Just outside my window, I can see a beautiful yellow rose.
It wasn’t there last week, well actually it was but it was just tightly bound up under its green calyx.
A lot can happen in a week, in a day, in a moment.
I can see the beauty but to deeply experience it I must stoop, smell and breath in its beauty. Slowly, gently, letting my brain cells savour the moment.
Do you take time to smell the roses?
You don’t need roses
Continue reading “Smelling the Roses Grows a Healthy Brain”
Around the hillside of the sheep farm where I was raised were grooves worn into the soil by hundreds of sheep following each other. It was the easiest route.
I also have routes in my thinking patterns that have become ruts. Familiar paths that have been worn deep into my thinking.
A thought gets triggered then another one and another one. Then within a few milliseconds, you are down in that old familiar cesspool of negativity. Continue reading “7 Steps to Regroove Your Thinking Patterns”
She walked into my office in a long, flowing skirt. She always had loved long, flowing skirts. But she blamed them and herself for both of her rapes. “Maybe if I hadn’t worn a skirt,” she thought.
And she hated herself.
The man read from his journal. Almost 20 pages detailing every abuse he had ever experienced. His anger had turned from others onto himself. He thought of himself as nothing. Worthless.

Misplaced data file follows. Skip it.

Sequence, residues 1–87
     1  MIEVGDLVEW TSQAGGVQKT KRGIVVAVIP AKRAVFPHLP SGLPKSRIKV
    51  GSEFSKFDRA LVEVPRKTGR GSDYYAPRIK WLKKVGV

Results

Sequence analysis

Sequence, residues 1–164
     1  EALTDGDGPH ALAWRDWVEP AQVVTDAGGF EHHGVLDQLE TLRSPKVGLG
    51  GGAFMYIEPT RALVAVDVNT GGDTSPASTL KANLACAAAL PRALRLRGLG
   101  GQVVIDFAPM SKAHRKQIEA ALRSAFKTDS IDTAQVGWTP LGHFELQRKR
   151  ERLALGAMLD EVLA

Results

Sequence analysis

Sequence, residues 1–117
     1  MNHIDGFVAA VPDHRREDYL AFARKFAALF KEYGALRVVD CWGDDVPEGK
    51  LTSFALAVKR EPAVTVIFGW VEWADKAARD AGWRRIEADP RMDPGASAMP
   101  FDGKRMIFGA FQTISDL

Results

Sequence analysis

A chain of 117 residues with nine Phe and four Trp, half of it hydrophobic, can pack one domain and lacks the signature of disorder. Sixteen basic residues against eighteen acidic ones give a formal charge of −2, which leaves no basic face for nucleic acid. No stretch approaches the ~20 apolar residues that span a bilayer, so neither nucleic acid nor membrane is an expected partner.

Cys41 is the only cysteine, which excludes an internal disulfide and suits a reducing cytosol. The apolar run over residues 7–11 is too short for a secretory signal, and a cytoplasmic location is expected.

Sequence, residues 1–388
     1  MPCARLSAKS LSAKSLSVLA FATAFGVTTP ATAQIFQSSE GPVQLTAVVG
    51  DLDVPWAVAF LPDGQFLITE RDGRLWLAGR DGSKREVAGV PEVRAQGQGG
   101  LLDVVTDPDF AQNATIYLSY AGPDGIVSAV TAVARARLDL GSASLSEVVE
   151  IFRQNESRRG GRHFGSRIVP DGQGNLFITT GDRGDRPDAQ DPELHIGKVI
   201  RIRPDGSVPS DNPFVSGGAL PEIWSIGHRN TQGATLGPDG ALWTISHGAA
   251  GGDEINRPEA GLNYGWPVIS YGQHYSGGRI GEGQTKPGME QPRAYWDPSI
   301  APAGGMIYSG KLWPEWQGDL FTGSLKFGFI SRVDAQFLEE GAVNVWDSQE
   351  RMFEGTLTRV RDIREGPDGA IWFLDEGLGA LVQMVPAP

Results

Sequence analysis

And he hated himself.
I could write pages and pages of stories just like these. People I have known and sat with for hours, listening to their pain. Some call it low self-esteem, some prefer other words.
The semantics of self-hatred doesn’t really matter.
In the end, it comes down to a pain that seems impossible to bear and even more impossible to be rid of.
Living in this broken world breaks us. Continue reading “Becoming the You God Sees: Guest Post by Kristen Kansiewicz”
It was my routine that I had built up over the years that got me through the dark morning. Do you have a routine?
Ever had one of those mornings where you just don’t want to face the day. You’re sort of glued to the bed. It’s a safe, warm and secure place, and you just want to go back to sleep if possible because well it’s better than listening to the depressing or anxious thoughts trawling through your mind. The black dog of depression is cuddled up beside you and you don’t want to face the day. It’s a routine that can so easily become a rut. Continue reading “Mental Health Grows When we Have a Routine”
There is a time for everything, including rescuing, but let’s focus on the rebuilding through empowerment.
It was one of those lightbulb moments for me.
I had just discovered something new that threw some new light on an old struggle.
Ever had one of those?
What I learned is that Jesus did for us what we cannot do for ourselves and that Jesus does not do for us what we can and should do for ourselves.
I outline these and 8 other principles of how Jesus demonstrates empowerment in my eBook So you want to help.
The first two principles. Continue reading “When to Rescue and What Needs to Come Next”
Compassion moved my gut, then my heart, and then I received a notification from my mind.
Not every story creates gut moving compassion.